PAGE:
Idanha-a-Velha LocationSuccessive settlements of the region by different peoples have left Idanha-a-Velha with a most valuable historical heritage.

Anyone visiting the modest village to be found here nowadays and observing its peaceful pace of life will have difficulty imagining that this was once the site of the ancient and prosperous Roman town of Civitas Igaeditanorum, which was situated on the great Iberian road linking Emerita (Mérida) to Braccara (Braga). At Egitânia, the Episcopal see in the time of the Visigoths (6-7th century), gold coins were minted for almost all the Visigothic kings, from Recaredo to Rodrigo; later on, the Muslim Idânia (8-12th century) grew to be a large and prosperous city, almost as rich as Lisbon.

After this, came the battles between Christians and Muslims in the first century of Portuguese nationhood, when D. Afonso Henriques gave the city to the Order of the Knights Templar in order for it to be repopulated. His son, D. Sancho I, gave Idanha its first charter in 1229, recognizing its strategic importance.

Over time, with a shift occurring in the major military and strategic axes, the city gradually diminished in size. Yet it has never lost its atmosphere from the past, seeming more like an open museum for the culturally-minded tourists, who will find here a system of signs clearly marking their itinerary.




This church stands on the foundations of another early Christian church, built in the time of the Suevi and integrated into the kingdom of the Visigoths from 585 onwards. The baptistery close to the south door dates from the time of the Suevi, although the new basilica is the work of the Visigothic period.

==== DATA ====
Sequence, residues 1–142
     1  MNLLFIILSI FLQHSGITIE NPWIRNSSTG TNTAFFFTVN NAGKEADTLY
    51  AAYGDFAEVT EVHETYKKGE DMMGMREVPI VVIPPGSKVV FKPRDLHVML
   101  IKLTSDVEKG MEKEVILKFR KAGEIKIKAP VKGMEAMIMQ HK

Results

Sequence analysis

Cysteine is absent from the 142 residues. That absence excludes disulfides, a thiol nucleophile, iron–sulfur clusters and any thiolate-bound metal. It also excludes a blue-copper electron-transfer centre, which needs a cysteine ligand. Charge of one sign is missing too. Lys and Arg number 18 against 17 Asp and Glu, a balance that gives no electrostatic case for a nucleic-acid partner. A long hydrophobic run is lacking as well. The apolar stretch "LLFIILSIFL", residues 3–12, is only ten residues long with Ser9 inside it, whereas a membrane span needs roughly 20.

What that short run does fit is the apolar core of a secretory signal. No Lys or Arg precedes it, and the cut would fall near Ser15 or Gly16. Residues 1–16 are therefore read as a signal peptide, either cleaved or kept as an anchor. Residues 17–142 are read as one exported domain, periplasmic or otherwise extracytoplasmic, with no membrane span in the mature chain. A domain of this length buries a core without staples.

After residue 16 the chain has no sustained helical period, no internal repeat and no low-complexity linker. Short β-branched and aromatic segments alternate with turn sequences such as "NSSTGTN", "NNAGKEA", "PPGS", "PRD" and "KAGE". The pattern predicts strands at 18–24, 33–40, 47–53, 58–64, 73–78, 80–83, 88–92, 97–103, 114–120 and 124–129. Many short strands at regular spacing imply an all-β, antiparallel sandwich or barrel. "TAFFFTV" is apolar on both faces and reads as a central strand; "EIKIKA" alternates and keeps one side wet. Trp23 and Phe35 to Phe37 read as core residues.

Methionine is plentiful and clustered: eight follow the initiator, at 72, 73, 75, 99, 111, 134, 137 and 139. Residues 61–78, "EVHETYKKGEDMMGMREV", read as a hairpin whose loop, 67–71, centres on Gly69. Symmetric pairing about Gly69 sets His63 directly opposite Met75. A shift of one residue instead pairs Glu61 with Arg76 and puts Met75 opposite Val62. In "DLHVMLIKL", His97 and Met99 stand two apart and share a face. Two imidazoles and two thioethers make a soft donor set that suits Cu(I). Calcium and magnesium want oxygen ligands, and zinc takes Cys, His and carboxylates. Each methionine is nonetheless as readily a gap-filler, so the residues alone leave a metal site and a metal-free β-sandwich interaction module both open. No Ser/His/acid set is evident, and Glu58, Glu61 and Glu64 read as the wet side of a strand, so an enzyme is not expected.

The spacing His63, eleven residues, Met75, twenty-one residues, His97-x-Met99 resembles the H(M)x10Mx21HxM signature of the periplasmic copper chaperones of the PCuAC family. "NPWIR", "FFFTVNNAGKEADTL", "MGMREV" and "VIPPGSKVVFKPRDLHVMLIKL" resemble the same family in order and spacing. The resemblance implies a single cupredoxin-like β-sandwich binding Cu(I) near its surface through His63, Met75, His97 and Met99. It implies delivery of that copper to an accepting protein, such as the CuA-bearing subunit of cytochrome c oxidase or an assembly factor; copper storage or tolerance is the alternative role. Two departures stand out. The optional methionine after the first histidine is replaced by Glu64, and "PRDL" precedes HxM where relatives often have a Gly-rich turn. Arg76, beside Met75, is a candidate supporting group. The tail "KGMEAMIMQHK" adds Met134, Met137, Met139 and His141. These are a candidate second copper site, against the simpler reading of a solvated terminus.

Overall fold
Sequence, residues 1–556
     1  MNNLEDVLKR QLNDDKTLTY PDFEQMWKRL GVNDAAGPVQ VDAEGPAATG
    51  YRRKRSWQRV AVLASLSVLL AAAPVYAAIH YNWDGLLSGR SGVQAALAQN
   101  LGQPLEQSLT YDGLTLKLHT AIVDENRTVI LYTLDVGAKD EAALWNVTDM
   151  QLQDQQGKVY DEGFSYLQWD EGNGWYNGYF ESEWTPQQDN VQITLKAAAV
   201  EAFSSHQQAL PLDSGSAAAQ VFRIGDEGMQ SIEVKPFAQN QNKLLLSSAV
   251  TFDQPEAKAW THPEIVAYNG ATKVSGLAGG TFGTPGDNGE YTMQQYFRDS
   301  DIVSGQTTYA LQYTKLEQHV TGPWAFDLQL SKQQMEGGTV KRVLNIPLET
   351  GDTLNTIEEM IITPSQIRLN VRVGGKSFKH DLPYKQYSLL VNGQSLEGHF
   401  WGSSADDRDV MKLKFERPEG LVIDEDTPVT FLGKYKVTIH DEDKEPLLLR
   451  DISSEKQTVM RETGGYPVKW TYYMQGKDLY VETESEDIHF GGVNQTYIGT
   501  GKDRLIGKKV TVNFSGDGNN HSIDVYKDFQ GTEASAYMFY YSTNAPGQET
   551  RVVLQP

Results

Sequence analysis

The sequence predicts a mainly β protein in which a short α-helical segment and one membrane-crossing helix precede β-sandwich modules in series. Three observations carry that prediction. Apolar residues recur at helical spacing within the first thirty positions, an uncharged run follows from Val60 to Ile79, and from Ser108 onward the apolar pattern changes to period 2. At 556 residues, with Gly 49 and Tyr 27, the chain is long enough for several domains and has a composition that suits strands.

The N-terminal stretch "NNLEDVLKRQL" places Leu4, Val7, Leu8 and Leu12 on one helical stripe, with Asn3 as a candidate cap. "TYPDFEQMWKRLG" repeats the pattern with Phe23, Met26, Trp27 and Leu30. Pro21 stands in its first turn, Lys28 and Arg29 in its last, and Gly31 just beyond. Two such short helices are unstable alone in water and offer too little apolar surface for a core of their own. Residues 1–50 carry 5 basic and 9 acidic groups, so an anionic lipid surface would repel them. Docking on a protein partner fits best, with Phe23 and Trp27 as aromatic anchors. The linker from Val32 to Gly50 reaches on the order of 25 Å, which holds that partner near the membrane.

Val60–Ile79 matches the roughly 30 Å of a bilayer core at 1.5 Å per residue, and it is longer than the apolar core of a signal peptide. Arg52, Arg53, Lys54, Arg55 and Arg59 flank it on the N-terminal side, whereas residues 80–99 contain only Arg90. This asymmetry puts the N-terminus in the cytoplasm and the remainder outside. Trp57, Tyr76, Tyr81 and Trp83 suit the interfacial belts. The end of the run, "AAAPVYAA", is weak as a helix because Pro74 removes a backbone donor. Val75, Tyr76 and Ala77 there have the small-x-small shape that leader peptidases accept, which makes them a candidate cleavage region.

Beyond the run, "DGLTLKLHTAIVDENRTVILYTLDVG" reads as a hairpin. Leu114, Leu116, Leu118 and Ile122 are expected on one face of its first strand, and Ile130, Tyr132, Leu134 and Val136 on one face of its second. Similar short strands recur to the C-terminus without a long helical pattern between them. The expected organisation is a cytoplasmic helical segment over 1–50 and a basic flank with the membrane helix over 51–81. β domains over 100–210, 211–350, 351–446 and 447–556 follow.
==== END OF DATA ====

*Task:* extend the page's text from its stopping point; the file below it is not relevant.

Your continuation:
Later, the mediaeval church was built on the site of this building, with some traces still being visible today, most particularly the Gothic door from the late 14th century with its simple pointed arch.

The interior of the church now houses the Museu Egitanense, a museum exhibiting a whole host of inscriptions that represent an important collection of epigraphs from the period of Roman domination in the Iberian Peninsula.



Urban Circuit

1. North Door - Porta Norte
2. See Cathedral - Sé Catedral
3. Oil press - Lagar de Varas
4. Roman dwelling - Ruinas romanas
5. Rocks to cross River Pônsul - Poldras sobre o Rio Pônsul
6. Tourist Office - Posto de Turismo
7. Pillory - Pelourinho
8. Mercy Church - Igreja da Misericórdia
9. Communitarian Oven - Forno comunitário
10. Templários Tower - Torre dos Templários
11. São Dâmaso Chapel - Capela de São Dâmaso
12. São Dâmaso straw Loves (Archeology Office) - Antigos Palheiros de São Dâmaso (Gabinete de Arqueologia)
13. Roman bridge - Ponte de origem romana
14. Holy Ghost Chapel - Capela do Espírito Santo
15. Roman Necrópoles - Necrópole romana
16. São Sebastião Chapel - Capela de São Sebastião